Bob Dylan Bob Dylan does not want us to know who he is. He recently turned seventy, and if no one has figured him out by now, nobody probably ever will. The Andy Warhol Factory’s Screen Test of Bob Dylan, filmed in 1965 attempts to get close to him, figure out what is underneath the voice and lyrics. He sits impatiently, looking down most of the time, unsmiling. He could be anyone, which is really the point of being Bob Dylan. As David Yaffe points out in Bob Dylan: Like a Complete Unknown, the screen test demonstrates that “[b]eing Bob Dylan has apparently already gotten old.”

Yaffe does not set out to find Bob Dylan’s core, but instead gives us a series of portraits that peel back enough layers to understand what the various cores look like. One of these layers is Dylan through the medium of film, which includes numerous documentaries and an appearance singing in a Victoria’s Secret commercial. (The oddness of the commercial diminishes—slightly—after reading this report which claims that in the same year he made Andy Warhol’s film, Dylan said “ladies’ undergarments” might be the only thing that would entice him to sell out.) Even in the cases where the singer was not directly involved in a movie, he still used the production to further complicate his image.

He wrote, directed, and starred in his own a movie, which still has no official video or DVD release because the four-hour-long Renaldo and Clara was, as Joan Baez called it, “a giant mess of a home movie. What makes it worthwhile to Yaffe is that Dylan appeared as another self-constructed version of himself, even if the rest was a surrealist disaster. Documentary makers have tried to show that in film, as in concert, the musician “had a black self, a symbolist poet self, an outlaws self, a misogynistic matinee idol self.” More recently, he gave full reign to the director of I’m Not There, allowing a wide assortment of actors, including a woman and an African American, to add new representation to both his real-life and onscreen character. He is as much one person’s reaction to him as he is all the faces he has willingly presented to his fans.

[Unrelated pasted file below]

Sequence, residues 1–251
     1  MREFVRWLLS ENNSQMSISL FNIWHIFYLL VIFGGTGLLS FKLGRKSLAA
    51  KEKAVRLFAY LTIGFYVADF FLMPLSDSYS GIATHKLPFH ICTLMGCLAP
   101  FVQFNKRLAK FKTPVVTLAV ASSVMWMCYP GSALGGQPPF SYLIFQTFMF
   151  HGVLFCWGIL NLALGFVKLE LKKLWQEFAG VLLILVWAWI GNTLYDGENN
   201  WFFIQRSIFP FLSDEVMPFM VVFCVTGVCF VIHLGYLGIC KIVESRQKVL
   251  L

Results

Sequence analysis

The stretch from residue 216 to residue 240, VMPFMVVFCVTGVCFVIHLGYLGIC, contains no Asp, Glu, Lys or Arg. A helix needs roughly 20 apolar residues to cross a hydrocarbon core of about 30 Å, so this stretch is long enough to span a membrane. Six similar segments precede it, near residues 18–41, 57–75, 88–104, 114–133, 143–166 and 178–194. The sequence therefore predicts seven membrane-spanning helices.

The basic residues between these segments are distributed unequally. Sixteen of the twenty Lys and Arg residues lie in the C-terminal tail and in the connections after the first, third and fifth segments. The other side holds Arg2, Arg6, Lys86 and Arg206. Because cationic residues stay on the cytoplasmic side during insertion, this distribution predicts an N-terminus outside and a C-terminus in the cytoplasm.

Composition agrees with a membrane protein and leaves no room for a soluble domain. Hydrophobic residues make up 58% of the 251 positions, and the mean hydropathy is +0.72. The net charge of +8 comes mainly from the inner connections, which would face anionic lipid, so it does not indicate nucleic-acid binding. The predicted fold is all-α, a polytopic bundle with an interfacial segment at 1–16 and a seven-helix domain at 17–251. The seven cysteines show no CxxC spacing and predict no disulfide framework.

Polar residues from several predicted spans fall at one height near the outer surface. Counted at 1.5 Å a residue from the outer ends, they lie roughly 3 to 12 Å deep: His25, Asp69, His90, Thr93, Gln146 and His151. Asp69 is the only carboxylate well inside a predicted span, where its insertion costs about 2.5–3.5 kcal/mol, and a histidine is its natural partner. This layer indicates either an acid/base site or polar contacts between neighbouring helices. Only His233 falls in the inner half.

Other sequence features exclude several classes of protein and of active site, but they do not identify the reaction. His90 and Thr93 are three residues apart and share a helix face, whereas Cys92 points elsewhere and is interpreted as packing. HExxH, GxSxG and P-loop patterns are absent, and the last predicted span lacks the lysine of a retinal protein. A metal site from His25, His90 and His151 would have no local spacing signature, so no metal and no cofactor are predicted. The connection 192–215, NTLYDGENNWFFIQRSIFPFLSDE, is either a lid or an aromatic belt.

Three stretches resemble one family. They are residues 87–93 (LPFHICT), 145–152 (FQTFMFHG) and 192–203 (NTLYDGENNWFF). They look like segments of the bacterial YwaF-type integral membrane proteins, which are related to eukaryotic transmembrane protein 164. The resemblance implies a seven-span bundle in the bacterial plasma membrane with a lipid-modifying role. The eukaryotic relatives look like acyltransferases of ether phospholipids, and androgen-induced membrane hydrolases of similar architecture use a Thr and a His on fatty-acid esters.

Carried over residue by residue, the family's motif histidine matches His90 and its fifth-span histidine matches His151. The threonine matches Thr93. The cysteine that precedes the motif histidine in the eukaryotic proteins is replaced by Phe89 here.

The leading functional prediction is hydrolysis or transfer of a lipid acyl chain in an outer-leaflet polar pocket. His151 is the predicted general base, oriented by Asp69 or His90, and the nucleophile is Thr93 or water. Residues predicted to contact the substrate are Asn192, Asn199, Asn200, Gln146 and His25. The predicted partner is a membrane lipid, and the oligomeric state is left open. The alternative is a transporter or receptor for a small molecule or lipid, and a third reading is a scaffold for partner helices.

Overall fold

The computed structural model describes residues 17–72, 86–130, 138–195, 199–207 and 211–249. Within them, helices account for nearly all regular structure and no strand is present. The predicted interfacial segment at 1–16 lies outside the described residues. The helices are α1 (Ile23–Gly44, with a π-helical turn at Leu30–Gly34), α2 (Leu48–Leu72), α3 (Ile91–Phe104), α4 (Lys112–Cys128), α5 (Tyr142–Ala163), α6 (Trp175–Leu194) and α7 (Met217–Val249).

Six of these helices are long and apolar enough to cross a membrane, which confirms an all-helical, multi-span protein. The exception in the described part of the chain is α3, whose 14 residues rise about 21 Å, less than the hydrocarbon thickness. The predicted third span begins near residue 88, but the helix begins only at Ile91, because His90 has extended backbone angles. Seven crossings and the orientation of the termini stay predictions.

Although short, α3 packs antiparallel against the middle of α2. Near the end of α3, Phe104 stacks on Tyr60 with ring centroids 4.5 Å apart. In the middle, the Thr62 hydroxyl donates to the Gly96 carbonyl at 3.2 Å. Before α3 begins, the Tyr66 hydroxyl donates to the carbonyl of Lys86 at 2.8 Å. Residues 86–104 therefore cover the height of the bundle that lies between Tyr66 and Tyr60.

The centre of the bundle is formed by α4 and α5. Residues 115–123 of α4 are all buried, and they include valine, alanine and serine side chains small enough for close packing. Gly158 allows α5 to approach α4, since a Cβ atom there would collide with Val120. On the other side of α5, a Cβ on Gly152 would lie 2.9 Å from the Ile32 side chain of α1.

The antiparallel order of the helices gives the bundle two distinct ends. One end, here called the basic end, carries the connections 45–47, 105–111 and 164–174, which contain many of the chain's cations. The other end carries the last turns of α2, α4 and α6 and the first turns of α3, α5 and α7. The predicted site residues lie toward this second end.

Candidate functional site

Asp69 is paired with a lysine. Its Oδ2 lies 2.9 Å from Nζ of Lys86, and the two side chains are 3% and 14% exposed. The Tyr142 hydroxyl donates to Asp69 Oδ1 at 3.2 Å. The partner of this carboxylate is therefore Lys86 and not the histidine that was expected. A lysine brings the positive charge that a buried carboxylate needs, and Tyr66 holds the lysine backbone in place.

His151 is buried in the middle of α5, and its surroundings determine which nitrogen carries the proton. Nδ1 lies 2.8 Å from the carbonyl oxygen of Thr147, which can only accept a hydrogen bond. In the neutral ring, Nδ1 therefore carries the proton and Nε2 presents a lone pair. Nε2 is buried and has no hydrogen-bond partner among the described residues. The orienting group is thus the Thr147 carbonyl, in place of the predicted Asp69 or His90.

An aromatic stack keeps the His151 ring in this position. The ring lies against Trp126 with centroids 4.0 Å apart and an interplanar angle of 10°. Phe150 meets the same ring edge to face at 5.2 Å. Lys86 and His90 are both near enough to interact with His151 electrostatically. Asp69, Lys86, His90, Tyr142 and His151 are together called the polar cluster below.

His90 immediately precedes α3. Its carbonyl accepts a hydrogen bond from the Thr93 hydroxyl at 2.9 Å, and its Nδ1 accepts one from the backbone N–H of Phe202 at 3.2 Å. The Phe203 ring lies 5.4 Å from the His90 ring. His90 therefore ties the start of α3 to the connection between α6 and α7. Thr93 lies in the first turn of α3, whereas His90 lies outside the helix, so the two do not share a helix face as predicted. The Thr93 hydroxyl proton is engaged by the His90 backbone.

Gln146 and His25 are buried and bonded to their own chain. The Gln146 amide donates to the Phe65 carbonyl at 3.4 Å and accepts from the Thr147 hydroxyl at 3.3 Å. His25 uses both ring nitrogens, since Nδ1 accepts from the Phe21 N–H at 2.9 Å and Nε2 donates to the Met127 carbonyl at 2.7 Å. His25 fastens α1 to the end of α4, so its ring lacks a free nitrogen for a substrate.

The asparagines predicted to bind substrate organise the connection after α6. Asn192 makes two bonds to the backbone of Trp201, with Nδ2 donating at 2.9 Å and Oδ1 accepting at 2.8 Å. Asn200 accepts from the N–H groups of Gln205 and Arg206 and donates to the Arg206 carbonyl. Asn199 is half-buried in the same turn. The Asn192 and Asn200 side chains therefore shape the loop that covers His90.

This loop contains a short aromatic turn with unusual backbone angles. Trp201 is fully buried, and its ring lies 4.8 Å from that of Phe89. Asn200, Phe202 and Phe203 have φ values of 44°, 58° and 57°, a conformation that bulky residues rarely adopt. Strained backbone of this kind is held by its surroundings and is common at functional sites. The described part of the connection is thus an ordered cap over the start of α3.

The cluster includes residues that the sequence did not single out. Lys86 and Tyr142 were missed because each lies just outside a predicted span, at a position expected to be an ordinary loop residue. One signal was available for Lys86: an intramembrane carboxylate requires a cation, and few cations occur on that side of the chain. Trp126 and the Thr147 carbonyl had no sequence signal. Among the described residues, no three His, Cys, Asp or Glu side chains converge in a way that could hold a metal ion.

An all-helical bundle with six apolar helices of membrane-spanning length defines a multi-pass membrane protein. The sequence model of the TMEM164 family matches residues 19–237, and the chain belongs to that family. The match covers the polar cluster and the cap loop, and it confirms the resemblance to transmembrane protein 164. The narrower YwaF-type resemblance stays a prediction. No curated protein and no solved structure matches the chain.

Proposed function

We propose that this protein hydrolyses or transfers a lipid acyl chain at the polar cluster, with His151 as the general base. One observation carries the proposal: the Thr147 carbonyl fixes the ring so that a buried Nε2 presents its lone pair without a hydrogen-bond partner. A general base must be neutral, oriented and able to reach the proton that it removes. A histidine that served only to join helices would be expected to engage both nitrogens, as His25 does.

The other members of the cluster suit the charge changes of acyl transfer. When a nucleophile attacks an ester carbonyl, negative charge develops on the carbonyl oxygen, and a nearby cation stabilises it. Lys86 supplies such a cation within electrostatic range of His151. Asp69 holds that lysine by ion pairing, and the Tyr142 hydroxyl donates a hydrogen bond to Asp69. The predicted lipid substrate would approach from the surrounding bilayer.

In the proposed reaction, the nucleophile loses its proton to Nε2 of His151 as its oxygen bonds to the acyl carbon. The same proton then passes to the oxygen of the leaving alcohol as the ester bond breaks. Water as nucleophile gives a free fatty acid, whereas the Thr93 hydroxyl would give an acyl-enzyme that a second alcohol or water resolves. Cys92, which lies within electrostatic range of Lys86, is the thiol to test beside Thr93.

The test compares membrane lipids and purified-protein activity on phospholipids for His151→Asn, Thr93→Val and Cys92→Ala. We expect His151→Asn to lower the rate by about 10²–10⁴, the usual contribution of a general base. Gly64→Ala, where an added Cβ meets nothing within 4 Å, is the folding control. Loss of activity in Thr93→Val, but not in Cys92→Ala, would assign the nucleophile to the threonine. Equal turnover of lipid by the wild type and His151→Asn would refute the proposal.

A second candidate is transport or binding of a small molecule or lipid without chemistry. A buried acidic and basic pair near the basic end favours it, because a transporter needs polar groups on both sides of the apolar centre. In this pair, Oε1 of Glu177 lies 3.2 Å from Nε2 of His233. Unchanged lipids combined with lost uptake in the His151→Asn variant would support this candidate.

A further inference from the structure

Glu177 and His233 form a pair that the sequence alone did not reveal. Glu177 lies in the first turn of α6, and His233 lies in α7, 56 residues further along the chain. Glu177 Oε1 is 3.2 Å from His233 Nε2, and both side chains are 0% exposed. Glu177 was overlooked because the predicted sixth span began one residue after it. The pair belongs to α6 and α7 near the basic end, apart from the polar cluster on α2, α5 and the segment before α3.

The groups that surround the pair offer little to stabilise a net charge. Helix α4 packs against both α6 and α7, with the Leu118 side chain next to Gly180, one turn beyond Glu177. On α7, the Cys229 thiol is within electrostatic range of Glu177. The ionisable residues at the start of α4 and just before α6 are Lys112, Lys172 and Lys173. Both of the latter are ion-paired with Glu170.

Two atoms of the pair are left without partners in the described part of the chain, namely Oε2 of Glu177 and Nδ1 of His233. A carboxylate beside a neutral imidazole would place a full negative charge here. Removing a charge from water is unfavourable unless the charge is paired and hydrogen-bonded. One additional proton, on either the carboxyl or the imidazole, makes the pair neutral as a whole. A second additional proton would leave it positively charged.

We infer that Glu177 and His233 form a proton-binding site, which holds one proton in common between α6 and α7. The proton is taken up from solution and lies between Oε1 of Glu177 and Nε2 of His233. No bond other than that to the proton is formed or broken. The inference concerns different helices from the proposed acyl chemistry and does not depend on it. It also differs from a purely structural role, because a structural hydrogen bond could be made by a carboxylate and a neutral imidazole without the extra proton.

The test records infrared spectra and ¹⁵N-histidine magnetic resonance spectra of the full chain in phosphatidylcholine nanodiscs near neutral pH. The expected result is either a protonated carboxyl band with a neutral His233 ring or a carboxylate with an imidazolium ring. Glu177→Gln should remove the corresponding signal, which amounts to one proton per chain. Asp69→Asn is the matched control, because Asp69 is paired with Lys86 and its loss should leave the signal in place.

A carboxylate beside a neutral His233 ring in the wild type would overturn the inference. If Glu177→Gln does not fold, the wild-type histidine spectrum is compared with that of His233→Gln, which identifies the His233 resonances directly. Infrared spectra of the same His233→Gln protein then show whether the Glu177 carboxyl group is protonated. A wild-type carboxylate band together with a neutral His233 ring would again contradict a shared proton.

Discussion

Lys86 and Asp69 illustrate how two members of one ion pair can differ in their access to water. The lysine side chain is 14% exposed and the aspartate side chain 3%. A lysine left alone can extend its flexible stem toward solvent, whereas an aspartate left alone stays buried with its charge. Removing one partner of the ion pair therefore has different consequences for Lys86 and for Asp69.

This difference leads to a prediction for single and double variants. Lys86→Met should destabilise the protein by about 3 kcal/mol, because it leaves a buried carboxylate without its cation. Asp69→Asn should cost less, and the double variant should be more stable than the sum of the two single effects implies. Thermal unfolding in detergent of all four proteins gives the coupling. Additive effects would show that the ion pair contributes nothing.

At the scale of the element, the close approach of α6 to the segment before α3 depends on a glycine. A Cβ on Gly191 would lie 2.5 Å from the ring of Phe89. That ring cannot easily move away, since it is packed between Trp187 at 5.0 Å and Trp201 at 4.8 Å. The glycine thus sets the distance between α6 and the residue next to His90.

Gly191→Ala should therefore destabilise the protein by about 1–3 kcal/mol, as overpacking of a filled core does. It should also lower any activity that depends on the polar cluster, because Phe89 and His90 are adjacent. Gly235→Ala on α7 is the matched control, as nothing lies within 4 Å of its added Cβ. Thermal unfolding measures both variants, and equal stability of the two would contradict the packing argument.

5. To London, with Love: Bloody Mary Summer

Ivan Lett

When Emperor Charles V was elected Holy Roman Emperor in June 1519, his influential position became incredibly important for the strength of his family. Only three years before, he had inherited the vast lands of the Spanish Empire, which already spanned the far ends of the globe, and within Europe itself, he personally ruled over Spain, the Low Countries, Austria, and Naples. Charles’ aunt, Catherine of Aragon, had married into the Royal House of Tudor in England, one of the few rival monarchies to Charles’ Habsburg power. At first, she married the eldest prince, Arthur, but after his untimely death, King Henry VII arranged for Catherine to marry his new heir, the eventual Henry VIII, as his first wife.

Mary I We all know the legends of Henry VIII and his six wives, but I always found a sad spot in my heart for poor Catherine. Call me an Hispanophile, but she was in no easy position. After six pregnancies, only Princess Mary survived, and Henry would stop at nothing to have a male heir. By 1525, Catherine, already five years Henry’s senior, was over forty and seemed unlikely to become pregnant again. When Henry tried to pressure the Pope into granting an annulment, his envoy was prevented from gaining access because the Pope was Emperor Charles’ prisoner. Naturally, he was on his aunt’s side, but Henry was determined to prevail. Enter: the English Reformation.

So it’s no wonder that these events are the background for a chapter called “Dysfunctional Family” in John Edwards’ new biography, Mary I: England’s Catholic Queen. The conflict between Mary’s parents framed the most significant events of her life, and with a particular focus on Mary's religious faith, which was at the heart of everything she did, Edwards works to bring this controversial Queen into perspective. Most often remembered for her attempts to reverse the rise of Protestantism in England, Mary’s reign saw the persecution and execution of religious dissenters. After thoroughly and exhaustively researching the Spanish archives, attempting to sympathize with Mary’s Catholicism, Edwards applies his knowledge to casting Mary in terms of religious rather than exclusively personal decisions. It’s not that he exalts Mary—you don’t get the name Bloody Mary for nothing—and there is little that can be done to overturn nearly five centuries of bad opinion, but he gives a new way of how we can see the violent burnings and actions of her reign. He focuses more on Mary’s short marriage to Phillip II of Spain, Charles V’s son, the clergy, and the nature of her Catholic rule. After all, Mary, Phillip, and her administrators did truly believe that what they were doing was right in the name of God and their Christian faith.